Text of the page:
Five black and Latino men wrongly convicted as teens in the explosive 1989 rape case of a white Central Park jogger have agreed to a $40 million settlement. The confidential deal, disclosed by an unidentified source who is not party to the lawsuit, still has to be approved by the city comptroller and then a federal judge, The New York Times reports. If the settlement goes through, it'll end more than a decade of civil litigation for the Five and underscore a case that has come to symbolize the worst of New York City's racist mob mentality at the time. Interviewed by Colorlines' Akiba Solomon last December, one of the five, Yusef Salaam--15 at arrest, about 7 years served--said:
We've been in this loop for 20 years. ... Since the film, I really think we the people are that much more driven in wanting to make sure not just that there's justice for the Central Park Five but that there will never be another. Yes, we've gotten something out our lives back, but we're still fighting for that final piece. It's crazy. People ask me all the time, "How do you keep moving after all of this." Sometimes I feel like I'm having an out-of-body experience.
The Five's convictions were vacated in 2002 after a single man, convicted rapist and murderer Matias Reyes' jailhouse confession to the brutal 1989 rape and assault of jogger, Trisha Meili. To the end, the Bloomberg administration vigorously fought the ensuing civil suit's allegations of false arrest, malicious prosecution and racially motivated conspiracy, maintaining that authorities in 1989 had acted with good faith and were therefore not liable.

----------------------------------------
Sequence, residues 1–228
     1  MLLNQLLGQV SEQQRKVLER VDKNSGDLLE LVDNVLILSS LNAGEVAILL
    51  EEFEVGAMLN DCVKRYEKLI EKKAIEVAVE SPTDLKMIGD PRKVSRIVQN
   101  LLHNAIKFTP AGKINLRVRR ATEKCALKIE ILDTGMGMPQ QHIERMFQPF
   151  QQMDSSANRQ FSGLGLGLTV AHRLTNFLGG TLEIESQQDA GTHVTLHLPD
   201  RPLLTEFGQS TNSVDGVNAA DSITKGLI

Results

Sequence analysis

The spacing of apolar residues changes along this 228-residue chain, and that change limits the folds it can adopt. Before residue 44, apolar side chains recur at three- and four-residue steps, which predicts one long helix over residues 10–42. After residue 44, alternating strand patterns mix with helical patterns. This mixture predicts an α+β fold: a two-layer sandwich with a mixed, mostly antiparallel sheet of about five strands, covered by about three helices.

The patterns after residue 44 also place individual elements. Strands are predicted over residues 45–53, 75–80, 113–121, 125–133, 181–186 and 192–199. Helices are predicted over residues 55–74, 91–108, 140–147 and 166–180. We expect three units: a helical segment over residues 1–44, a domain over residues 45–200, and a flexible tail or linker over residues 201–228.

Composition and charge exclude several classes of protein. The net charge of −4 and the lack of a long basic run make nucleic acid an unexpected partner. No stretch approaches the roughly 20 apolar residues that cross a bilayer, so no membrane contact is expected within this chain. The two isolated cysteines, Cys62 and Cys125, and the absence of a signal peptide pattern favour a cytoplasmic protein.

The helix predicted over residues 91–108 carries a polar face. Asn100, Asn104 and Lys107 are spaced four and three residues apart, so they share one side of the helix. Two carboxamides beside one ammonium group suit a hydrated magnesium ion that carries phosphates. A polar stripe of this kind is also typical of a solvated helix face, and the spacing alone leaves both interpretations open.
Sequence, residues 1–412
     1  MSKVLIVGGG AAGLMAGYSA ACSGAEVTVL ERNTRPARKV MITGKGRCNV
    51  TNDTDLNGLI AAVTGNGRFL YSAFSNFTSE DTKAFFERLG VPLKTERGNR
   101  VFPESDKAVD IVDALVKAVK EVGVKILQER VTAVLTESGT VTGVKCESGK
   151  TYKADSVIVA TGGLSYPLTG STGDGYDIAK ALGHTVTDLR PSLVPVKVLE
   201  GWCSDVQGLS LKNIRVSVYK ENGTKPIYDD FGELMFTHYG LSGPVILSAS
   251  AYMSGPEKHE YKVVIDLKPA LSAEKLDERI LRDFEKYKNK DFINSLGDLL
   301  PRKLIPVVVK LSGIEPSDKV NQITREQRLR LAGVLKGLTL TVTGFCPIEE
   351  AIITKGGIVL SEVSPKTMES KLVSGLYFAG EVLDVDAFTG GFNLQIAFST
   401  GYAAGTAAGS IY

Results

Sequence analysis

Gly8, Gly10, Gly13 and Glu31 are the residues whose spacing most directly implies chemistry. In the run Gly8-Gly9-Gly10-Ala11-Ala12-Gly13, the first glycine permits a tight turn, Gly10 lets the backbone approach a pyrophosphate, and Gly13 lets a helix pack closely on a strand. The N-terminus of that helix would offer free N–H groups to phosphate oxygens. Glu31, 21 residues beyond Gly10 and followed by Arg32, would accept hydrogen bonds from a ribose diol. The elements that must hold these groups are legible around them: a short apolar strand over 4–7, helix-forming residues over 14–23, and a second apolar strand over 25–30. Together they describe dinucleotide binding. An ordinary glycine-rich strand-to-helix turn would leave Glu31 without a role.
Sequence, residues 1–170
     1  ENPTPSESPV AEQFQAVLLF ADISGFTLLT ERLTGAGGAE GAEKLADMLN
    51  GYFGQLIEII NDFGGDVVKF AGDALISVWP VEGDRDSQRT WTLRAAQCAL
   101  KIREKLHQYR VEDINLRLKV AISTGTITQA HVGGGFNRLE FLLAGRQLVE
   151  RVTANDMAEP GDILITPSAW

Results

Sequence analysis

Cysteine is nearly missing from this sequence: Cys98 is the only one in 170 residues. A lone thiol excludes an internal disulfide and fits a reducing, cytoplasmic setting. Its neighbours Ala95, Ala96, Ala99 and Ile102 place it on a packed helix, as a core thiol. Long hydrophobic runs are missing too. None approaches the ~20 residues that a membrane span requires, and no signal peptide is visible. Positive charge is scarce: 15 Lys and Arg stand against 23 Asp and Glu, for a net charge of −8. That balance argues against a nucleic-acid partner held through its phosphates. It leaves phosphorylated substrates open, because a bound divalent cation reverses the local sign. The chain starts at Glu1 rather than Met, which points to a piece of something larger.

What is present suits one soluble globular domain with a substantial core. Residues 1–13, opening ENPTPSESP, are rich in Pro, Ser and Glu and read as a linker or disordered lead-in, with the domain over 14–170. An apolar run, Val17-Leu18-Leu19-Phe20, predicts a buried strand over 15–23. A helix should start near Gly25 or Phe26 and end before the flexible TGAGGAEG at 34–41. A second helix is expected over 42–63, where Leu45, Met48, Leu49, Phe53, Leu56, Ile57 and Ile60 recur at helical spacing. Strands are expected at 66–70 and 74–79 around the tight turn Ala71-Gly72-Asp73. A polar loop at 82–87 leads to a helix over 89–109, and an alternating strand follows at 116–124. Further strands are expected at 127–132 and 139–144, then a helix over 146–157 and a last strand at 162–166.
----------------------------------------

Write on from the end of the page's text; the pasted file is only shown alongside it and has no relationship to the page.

Mayor Ed Koch, now deceased, had described what was then known as The Central Park Jogger Case, as "the crime of the century." The events of that tragic night, as well as its impact on the Five and the city, were revisited by the Ken Burns documentary, The Central Park Five.
A 2010 Associated Press investigation found that from 1999 through 2008, New York City had paid more than $1 billion to settle claims against the NYPD. This week, a state judge upheld a law allowing citizens to bring lawsuits against police officers for racial profiling. Also this week, Jonathan Fleming filed notice of intent to sue the city for $162 million. He was cleared and released this April* after spending nearly 25 years in prison for a 1989 murder he did not commit.
*Post has been updated.